I can’t describe the feeling of people cheering for you, but I can tell you it’s pretty much how my 11-year-old self imagined. My grandmother taught me how to cheer while at OU basketball games. Every time I cheered, I did so under the pretense that I was heard and helpful. I would imagine how good it wood feel to be those players getting cheered onto victory, and imagine how good it would feel to me.
Well. In case you hadn’t picked up on it, the STP is a bit of a big deal…at least for masses like me. It’s no lie that 11k riders tend to attract a fair amount of attention. And, for reasons other than totally screwing up traffic…some people just think it’s cool. Randomly strewn throughout those 204 miles were spectators and fans. Some folks just pull over on the highway, get out of their cars, and cheer for the riders speeding by. It’s awesome.
The boys and I were musing late in day 1 about how cool it would have been if the girls had popped up somewhere on the route to cheer us on. Not that it was a drag it hadn’t happened, just that it would be super cool if it had. This talk happened prior to our arrival in Centralia (the midpoint where the girls were waiting for us…waiting to cheer us on, as it were), and I’m pretty sure it wasn’t discussed again.
Day 2 started as expected, with a shit ton of head wind…again…still… No big deal, just put my head down and slog. The rolling hills seemed to have a bit more hill and a little less roll, while the headwind appeared to have a bead on my chest. It wasn’t anything to speak of…just missing the fire from day 1. Get back to the head lowered slog…find the pace…ride it out.
I don’t remember the exact geographical sequence of events, but it seems to be something to the order of rolling hills and winding roads…come up out of a turn into a climb and there is the scream from a couple of crazy fans at the top of the hill. The random location and time fit right in with the rest of our STP fan encounters, so my subconscious discards any familiarities I might faintly have heard from direction of those crazies cheerings. It wasn’t until more than half way up the hill that it finally dawned on me. The realization had to settle and sink in. It took a moment…but just one.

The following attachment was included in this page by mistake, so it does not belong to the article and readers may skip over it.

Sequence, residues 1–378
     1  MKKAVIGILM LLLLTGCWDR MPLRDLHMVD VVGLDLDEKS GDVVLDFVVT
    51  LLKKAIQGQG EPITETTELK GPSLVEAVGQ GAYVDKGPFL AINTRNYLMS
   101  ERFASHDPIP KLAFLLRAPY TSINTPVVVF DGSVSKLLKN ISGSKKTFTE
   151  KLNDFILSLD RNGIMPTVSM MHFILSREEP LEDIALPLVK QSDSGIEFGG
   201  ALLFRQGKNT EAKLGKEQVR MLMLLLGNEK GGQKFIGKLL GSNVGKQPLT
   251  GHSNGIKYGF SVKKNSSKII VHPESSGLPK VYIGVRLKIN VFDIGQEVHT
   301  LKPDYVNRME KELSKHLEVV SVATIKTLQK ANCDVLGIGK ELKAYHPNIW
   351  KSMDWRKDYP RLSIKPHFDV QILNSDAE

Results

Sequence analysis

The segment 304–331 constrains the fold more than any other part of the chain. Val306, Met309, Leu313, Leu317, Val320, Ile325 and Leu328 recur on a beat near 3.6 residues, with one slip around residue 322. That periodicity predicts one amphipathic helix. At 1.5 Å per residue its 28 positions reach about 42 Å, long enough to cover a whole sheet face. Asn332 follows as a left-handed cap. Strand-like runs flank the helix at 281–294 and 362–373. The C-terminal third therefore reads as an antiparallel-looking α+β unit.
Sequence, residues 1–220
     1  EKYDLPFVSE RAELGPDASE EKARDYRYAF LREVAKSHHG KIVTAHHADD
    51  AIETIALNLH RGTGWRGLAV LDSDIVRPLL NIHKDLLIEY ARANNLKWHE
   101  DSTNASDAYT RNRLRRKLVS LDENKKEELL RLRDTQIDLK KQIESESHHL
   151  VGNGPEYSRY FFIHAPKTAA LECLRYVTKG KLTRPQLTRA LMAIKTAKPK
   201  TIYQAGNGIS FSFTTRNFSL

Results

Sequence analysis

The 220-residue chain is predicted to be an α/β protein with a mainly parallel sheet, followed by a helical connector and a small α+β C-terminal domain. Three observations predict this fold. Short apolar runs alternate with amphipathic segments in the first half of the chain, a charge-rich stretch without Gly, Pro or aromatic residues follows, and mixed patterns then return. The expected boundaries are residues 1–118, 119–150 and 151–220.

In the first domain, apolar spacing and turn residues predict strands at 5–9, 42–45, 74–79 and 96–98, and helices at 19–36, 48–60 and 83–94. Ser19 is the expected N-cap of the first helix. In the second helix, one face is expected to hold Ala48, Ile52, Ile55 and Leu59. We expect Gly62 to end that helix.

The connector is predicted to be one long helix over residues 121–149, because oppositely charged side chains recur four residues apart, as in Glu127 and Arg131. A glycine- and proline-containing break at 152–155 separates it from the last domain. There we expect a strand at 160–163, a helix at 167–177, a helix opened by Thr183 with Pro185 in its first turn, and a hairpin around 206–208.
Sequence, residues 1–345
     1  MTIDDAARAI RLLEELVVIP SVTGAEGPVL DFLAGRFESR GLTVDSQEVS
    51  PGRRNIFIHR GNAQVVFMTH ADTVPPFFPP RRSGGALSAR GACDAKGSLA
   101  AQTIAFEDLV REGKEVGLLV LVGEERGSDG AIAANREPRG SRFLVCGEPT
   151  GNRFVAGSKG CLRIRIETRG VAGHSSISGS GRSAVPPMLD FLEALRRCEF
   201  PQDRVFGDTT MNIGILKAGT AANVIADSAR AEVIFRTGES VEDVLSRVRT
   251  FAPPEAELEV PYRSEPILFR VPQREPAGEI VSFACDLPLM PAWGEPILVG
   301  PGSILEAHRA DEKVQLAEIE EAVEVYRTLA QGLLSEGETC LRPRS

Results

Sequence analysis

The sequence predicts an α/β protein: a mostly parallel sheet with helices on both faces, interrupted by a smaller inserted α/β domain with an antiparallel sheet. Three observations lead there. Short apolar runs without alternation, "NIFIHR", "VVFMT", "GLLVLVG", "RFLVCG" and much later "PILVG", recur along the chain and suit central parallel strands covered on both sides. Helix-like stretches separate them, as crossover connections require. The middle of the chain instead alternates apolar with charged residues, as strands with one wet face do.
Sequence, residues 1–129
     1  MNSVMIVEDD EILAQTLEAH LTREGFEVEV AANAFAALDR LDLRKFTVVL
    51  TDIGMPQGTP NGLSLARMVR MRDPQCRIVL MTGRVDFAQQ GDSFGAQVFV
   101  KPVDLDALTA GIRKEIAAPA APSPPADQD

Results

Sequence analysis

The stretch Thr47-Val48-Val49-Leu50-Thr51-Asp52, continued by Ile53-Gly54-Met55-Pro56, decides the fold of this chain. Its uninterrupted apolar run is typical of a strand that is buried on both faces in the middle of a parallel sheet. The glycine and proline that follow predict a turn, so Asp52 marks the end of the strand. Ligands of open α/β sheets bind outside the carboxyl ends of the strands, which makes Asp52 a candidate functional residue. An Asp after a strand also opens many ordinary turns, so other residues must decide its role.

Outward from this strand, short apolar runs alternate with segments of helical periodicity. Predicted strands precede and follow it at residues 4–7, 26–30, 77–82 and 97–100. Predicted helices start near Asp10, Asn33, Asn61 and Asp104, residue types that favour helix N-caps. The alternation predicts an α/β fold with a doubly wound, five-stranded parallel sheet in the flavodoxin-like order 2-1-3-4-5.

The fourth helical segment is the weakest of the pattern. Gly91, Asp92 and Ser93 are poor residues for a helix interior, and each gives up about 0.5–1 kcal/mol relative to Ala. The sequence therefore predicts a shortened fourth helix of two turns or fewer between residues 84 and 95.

Elyse and Lorien had driven up to the course and sat perched atop the hill freaking out like a couple of crazies cheering us on. It was awesome. All of the sudden the fire had returned…the fire in the belly…the fire in the legs. It was such a rush. It took away the 100 miles from the previous day and the 25 miles already in the books for that day and washed them away. As if I were starting on fresh legs and a fresh ass. Like I said, it was awesome. It was the mental and emotional fuel I needed to finish the ride. It was awesome. I wasn’t sure if they wanted us to stop, but there was no way I was going to let this fire go…
As we drew closer to Portland, the groups of fans increased and their separating space decreased. At one point a dad and his 2-year-old daughter waved excitedly, and it hit me that Marti wasn’t going to be there with us. It was sad and I missed her, but was thankful that her grandparents were having a great time with her back in North Bend.
It was the final stretch, we were in ideal team finish line arrival formation, and the fans had come out for the fun. The sidewalk leading up the park was full of folks cheering. It was awesome. Then the light turned red, and we had to wait. The crowd stopped cheering. The entire victory momentum was being destroyed!!! Then the light turned green and…wait for it…wait…for…it…and the crowd goes wild…well, lets just say the cheering continued. It was silly and pretty awesome.
Once inside the double century club I heard the fierce female crazies cheering, but couldn’t find them fast enough. Then…there! I had finished to these crazies cheering because of these crazies cheering. It was awesome.